Automatic Direction Finders: The grandfather of all radio navigation aids

Automatic Direction Finders The grandfather of all radio navigation aids By Frank Labue July 1999 Ok, I know. Why are we talking about ADFs when there are VOR/ILS and GPS navigation systems around? I know the newer systems are...


The manufacturer will set one null as the "to" null. For example, if both the loop and sense antenna voltages are in phase and add to each other prior to the null position, the loop antenna is facing towards the transmitter. This will be set as the "to" null. The ADF needs both antennas to correctly point to the station.

This method of operation has been around since the 1930's and we still use it, virtually unchanged, today.

Operation and controls
ADF receivers have several operating modes that the pilot can select. In the ADF mode, both the loop and the sense antennas are used, the pointer is activated, and the ADF tries to point to the station. (This is the normal mode of operation.) Rotating the loop antenna control switch in either the left or right direction will cause the loop antenna and pointer to move left or right. Releasing the loop antenna control switch causes the loop antenna and pointer to rotate and point to the station again. The ADF indicator (RMI) consists of a compass card and pointer. In dual ADF systems, the RMI will have two pointers (for systems one and two). The pilot manually sets the compass card or, if the airplane has a flux valve, the compass card is slaved automatically to the aircraft's magnetic heading.

In the ANT mode, the loop antenna is disabled and all receiving is done through the sense antenna. The pointer should not move even if you turn the loop antenna control switch left or right. (This is the best mode for listening to your favorite ball game.) It is also good for identifying the station.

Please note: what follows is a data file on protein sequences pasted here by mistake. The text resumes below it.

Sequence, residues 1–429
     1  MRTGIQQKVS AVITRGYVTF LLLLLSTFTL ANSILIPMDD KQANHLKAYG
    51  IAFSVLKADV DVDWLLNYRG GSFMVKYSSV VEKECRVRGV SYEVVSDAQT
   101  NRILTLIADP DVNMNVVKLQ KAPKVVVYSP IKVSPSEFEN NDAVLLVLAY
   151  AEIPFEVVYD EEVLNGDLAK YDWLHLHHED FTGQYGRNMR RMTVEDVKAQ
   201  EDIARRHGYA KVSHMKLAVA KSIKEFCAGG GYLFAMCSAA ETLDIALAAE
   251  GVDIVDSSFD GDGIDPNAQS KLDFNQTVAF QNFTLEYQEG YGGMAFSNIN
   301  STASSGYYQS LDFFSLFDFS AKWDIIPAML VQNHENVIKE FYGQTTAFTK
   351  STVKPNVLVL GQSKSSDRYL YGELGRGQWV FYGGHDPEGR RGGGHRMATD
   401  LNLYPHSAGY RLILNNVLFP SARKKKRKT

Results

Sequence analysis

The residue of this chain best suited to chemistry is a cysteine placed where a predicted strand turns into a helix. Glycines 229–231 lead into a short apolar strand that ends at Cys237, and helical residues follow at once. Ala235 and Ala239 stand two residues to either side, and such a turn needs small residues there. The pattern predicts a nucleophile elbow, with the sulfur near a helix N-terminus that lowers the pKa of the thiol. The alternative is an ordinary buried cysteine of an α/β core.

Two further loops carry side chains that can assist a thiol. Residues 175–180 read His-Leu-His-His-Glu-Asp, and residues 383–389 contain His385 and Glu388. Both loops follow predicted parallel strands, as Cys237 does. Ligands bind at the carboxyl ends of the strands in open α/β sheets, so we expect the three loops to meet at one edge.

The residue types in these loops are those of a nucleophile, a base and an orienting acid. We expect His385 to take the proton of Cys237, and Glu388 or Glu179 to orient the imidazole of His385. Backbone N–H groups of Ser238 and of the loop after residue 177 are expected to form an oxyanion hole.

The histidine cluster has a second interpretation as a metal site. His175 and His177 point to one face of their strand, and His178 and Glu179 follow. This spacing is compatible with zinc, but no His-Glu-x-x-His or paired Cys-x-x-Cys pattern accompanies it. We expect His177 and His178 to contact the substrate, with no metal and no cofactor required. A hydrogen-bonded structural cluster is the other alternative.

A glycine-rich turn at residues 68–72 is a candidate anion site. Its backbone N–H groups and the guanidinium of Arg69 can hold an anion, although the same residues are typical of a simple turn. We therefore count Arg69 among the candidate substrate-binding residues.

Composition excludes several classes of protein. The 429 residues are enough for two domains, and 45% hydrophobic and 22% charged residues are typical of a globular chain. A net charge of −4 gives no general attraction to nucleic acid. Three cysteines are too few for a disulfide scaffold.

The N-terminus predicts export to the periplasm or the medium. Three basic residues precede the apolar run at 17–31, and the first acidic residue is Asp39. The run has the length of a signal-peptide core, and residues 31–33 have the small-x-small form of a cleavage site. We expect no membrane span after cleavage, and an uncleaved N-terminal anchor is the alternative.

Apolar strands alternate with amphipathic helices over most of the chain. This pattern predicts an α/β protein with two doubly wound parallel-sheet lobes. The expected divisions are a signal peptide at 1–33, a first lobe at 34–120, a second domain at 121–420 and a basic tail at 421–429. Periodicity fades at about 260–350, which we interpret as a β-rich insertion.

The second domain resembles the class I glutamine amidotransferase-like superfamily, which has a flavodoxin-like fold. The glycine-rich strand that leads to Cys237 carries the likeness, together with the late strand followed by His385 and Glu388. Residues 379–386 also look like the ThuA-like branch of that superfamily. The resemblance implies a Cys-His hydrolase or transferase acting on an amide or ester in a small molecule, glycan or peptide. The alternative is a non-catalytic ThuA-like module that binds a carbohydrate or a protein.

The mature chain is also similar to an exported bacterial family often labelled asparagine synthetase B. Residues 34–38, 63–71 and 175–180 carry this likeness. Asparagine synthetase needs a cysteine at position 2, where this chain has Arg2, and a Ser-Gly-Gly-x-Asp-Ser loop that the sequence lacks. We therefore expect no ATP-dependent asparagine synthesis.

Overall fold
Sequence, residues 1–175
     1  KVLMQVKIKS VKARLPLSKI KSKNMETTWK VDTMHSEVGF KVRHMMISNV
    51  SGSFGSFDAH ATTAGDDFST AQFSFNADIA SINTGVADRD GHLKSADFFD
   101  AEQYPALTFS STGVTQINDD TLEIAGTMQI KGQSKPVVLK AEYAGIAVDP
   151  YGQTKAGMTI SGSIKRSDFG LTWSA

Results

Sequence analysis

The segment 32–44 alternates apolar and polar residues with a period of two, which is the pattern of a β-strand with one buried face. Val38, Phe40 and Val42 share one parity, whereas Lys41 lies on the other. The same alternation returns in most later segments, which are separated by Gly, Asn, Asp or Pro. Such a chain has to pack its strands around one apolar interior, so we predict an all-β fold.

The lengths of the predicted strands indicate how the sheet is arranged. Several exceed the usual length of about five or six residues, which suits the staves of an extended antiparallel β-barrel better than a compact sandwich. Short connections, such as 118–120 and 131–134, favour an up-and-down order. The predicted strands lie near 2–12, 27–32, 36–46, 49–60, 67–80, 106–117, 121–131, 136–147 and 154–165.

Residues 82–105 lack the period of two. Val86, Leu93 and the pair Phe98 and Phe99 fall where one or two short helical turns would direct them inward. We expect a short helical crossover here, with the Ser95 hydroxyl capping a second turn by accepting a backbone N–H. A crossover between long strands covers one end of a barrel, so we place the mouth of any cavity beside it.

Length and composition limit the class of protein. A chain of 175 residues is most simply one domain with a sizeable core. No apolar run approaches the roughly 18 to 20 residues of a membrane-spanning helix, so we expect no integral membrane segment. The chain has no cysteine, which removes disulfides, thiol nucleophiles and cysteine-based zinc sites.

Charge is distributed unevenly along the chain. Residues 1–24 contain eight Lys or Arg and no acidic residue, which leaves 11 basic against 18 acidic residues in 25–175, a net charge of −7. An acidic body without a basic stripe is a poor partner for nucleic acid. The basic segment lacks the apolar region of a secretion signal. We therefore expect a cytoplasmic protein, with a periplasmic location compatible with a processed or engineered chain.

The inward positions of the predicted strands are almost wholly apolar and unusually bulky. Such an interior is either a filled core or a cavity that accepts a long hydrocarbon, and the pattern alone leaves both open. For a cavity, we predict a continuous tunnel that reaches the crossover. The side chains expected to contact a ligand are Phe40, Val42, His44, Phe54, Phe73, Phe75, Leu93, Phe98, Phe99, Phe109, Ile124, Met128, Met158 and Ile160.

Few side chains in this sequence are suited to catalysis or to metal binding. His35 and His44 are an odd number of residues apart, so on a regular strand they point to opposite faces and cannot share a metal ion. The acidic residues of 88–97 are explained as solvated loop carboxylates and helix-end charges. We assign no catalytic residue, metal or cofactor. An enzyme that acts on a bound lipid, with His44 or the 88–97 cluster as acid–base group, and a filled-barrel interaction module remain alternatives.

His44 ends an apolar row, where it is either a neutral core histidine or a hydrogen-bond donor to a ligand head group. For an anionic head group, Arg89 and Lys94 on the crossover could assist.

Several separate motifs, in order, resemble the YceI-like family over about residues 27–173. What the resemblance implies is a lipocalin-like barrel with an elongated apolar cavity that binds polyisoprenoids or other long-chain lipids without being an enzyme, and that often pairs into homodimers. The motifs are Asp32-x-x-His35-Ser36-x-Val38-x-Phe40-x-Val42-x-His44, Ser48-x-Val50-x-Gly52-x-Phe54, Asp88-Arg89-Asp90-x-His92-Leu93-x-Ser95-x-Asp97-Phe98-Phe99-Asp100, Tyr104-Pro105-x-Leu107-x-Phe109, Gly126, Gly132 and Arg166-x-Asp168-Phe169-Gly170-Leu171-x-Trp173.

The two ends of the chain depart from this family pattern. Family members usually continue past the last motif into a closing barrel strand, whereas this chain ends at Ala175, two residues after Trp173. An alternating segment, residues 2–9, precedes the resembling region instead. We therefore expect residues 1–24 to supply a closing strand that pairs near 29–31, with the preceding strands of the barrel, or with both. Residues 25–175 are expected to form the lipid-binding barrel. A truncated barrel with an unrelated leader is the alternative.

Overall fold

If the loop mode is selected, the sense antenna is disabled and all the receiving is done through the loop antenna. Rotating the loop antenna control switch in either direction will cause the loop antenna and pointer to rotate in the selected direction for as long as the switch is held. Releasing the control switch causes the loop antenna and pointer to stay where it is. You may also notice that the reception gets better when the pointer is 90 degrees away from the station and worse when the pointer is either pointed directly at or 180 degrees away from the station.

Some ADF control panels have a test position. Rotating the mode control switch to "test" will perform a self-test of the ADF system. In the self-test mode, the pointer will move to 45 degrees left of the lubber line to a heading of 315. The lubber line is a little arrow or line at the 12 o'clock position on the RMI.

The BFO switch
If you have a digital tuner, you can skip this paragraph.

Most ADF systems have a BFO switch mounted on the control panel. BFO stands for Beat Frequency Oscillator. With the BFO switch on, the ADF receiver generates an audio tone to help you tune in an NDB. On the control panel, select ADF mode and turn the BFO switch on; then rotate the tuning knob.

As you approach the station, you will begin to hear a high pitched tone. Continue rotating the knob and the tone will gradually decrease until you can no longer hear it. At this point, the ADF is tuned to the station and the signal strength meter should also be at its highest peak. You should be able to clearly hear the station's Morse code identifier. Rotate the knob in the same direction and you will begin to hear the tone again. Adjust the tuning knob so that you can not hear the tone.

The VBR filter switch
Transport category aircraft has a switch that is found on the audio select panel. These aircraft usually have multiple radios, nav aids, and audio integration systems and this switch has no effect on the ADF pointer.

Nevertheless, the VBR Filter switch is important if you want to identify a station. It is usually a rotary switch but some audio select panels have toggle switches.

Basically, it allows you to select either Voice or Range or Both audio filters in the ADF, VOR, and DME receivers. In the V position, the DME audio is grounded and voice audio can be heard on the ADF and VOR receivers. (This is another good choice for listening to that ball game.) In the B position, both Voice and Range filters are bypassed and all VOR, DME, and NDB audio can be heard. In the R position, DME audio is again grounded and the VOR and NDB Morse code identifier signals can be heard. If you are tuning in your local AM broadcast station, use the V position. If you are tuning in an NDB station, use the R position.

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